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by Scott Juster

6 Sep 2012


Pay attention to the video game scene for long enough, and you start to notice cycles.  Certain genres, art styles, and mechanics gain popularity, fade away, and then re-emerge.  We’ve all seen examples of this: fighting games, cel shading, experience point systems, etc.  More difficult to see are the cycles that happen in our own lives. Everything from personal milestones, to work schedules, and even your day-to-day mindset ebb and flow along with the video game landscape, thereby influencing the kinds of games that grab you.

This subject has been on my mind recently thanks to a renewed interest in a genre I nearly abandoned: the JRPG.

by Jorge Albor

30 Aug 2012


Unmanned begins with an immediate divide: on the left, the game’s title screen, and on the right, a man standing in an empty field, mouth agape. The latest game from Molleindustria, released earlier this year, is just as political and subversive as any of the studio’s previous work. While the game’s central metaphor may seem blunt at first, its sublety surpasses much of Molleindustria’s previous work. Self-proclaimed creators of “homeopathic remedies to the idiocy of mainstream entertainment”, Molleindustria has firmly established itself as a purveyor of critical games. While Phone Story might be their most famed work, Unmanned might be the best from the studio.

Playing Unmanned is an exercise in splitting one’s attention. The game follows Kirk, a military drone pilot over two days as he runs through the tedium of his life. In the first moments of the game, the left title screen fades to a shot of Kirk sleeping. The right, then. is his dreamscape. An arabic man chases him through a field, followed by a woman in a burqa, and a child. If players manage to avoid the family, Kirk spreads his arms and turns into a drone, just before waking. Only in dreams are the player’s points of interest isolated to just one screen.

by Scott Juster

23 Aug 2012


This post contains spoilers relating to the ending of Demon’s Souls.

A few months ago, when I thought Demon’s Souls multiplayer was going offline, I wrote up some of my experiences with the game’s unusual multiplayer elements.  I was burning through the game as quickly as possible (which wasn’t all that fast), but it looked like I wouldn’t be able to finish the game in its original form.  Naturally, only a week after my article was posted, Atlas announced that the multiplayer servers would remain active!  My grueling trek to the end would remain filled with the questionable hints, hilarious death scenes, and downright terrifying hostile PvP invasions.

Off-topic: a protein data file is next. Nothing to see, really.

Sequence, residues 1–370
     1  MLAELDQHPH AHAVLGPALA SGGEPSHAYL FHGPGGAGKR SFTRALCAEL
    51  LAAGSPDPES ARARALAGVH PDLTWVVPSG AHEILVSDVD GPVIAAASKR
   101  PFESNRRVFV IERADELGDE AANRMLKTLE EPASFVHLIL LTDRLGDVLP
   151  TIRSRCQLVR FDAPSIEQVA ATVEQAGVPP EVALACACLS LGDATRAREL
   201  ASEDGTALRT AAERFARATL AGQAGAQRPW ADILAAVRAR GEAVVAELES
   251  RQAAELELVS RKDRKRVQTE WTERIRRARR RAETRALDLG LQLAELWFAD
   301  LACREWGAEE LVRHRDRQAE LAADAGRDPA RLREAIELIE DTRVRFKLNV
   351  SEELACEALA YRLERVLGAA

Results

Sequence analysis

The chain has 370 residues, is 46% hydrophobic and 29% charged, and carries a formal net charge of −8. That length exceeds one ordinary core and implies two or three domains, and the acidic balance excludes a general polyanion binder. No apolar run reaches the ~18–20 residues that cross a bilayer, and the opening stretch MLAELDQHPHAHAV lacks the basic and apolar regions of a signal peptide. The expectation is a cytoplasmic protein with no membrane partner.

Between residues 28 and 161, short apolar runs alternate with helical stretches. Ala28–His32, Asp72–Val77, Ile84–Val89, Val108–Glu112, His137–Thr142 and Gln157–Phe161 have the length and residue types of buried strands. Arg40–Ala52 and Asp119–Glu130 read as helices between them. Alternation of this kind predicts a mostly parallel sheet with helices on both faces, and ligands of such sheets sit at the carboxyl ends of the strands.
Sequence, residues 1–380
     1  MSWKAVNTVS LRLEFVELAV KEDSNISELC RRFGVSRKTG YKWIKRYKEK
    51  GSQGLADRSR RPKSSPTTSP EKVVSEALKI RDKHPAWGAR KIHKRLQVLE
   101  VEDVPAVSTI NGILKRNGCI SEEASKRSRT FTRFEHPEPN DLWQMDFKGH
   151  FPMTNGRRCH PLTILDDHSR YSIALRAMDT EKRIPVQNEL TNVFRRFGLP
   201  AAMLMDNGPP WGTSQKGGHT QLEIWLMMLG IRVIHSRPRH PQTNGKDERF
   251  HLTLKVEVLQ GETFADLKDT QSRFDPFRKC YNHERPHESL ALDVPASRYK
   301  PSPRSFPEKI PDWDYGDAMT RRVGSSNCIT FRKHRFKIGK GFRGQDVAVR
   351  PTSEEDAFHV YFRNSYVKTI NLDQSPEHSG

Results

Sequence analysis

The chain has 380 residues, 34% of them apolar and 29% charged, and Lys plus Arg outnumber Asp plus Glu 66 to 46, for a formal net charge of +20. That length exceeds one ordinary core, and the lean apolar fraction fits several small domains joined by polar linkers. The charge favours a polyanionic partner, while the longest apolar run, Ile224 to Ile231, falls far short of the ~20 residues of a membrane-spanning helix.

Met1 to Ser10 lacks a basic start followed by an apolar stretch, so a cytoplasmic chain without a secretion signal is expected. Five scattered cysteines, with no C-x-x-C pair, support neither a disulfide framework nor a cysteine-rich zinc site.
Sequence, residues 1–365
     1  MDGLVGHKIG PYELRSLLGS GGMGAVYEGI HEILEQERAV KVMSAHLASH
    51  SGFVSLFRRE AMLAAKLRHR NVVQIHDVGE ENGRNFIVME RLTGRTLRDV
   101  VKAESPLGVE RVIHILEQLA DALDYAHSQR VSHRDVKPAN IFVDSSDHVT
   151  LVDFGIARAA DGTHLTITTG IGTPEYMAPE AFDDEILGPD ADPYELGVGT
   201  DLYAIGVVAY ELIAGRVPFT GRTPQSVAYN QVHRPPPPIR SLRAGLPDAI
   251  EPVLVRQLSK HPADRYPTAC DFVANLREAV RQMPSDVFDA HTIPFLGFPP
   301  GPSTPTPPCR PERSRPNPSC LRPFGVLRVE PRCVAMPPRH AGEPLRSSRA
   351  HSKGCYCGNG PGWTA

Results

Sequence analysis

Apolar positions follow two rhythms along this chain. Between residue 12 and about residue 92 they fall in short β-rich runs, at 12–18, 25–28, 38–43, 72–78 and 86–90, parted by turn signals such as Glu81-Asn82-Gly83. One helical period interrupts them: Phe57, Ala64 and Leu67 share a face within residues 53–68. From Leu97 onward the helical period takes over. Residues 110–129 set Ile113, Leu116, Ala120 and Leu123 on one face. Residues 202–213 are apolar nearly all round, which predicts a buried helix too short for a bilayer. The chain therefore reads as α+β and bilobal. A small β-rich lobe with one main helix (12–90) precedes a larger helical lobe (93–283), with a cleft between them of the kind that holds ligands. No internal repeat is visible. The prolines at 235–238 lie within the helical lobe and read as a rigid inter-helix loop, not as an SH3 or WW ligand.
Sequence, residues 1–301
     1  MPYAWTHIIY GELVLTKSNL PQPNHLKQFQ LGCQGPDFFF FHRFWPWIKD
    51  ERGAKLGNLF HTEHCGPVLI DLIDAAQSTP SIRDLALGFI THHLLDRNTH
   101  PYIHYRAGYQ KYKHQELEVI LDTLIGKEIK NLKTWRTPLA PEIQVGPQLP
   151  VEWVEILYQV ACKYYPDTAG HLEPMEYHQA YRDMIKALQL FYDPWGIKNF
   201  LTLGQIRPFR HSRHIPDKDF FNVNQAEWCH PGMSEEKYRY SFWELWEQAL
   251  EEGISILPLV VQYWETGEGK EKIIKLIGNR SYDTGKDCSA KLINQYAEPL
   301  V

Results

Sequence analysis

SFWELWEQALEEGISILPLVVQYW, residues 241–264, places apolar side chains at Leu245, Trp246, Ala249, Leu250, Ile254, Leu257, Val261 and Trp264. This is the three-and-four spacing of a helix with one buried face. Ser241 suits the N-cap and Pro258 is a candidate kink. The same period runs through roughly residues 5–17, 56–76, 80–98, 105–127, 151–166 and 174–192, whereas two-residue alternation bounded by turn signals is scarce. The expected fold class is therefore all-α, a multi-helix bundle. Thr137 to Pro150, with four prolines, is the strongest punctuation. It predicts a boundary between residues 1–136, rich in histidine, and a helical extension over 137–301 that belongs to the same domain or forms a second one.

Several weeks ago, after many deaths and thousands of lost souls, I finally finished the game.  Now that the initial sense of numb disbelief has worn off, I wanted to return with a few more thoughts on Demon’s Souls and its conclusion.

by Jorge Albor

16 Aug 2012


Day Z (Dean "Rocket " Hall, 2012)

In 1996, non-fiction writer John Krakauer joined a group of eight clients in an attempt to climb Mt. Everest. On the evening of May 10th, a storm made traversing the mountain nearly impossible. Of the five team members that reached the summit, four lost their lives on the frigid peak. Eight climbers total from four different expeditions died during the event, and seven more would follow before the season was over.

A year later, Krakauer published Into Thin Air, his personal account of the story. The work is a haunting attempt to uncover the truth about what happened, to gain some glimmer of understanding about these events. There is no value to be found in the deaths of those climbers, only revelations about human systems on the raggedy edge of survival.

by Scott Juster

9 Aug 2012


I’m spending some time going through my video game backlog this summer, which is why I’ve been playing Metroid: Other M.  I understand why it wasn’t particularly well-received.  I think the game’s systems are actually pretty interesting, but I can definitely see why the third/first-person view switching and motion controls would irritate some people.  I’m much more sympathetic to criticisms of the game’s story and writing.  Abbie Heppe’s review sums up my feelings on it.  Other M is marred by a hackneyed, unimaginative script and a portrayal of Samus that characterizes her as scared and subservient.  It’s truly disheartening to see one of video games’s most competent female protagonists reduced to a child-like state of obedience.

I actually think these weaknesses are symptoms of a larger problem with the game, though.  Other M suffers because it tries to emulate some of the series’s traditions without understanding why they are important (or even if they are important at all).  The blind devotion to the accumulated lore of the Metroid saga stifles the game.

//Mixed media
//Blogs

The Specter of Multiplayer Hangs Over 'Door Kickers'

// Moving Pixels

"Door Kickers is not a multiplayer game, but for a while there, I couldn’t tell the difference.

READ the article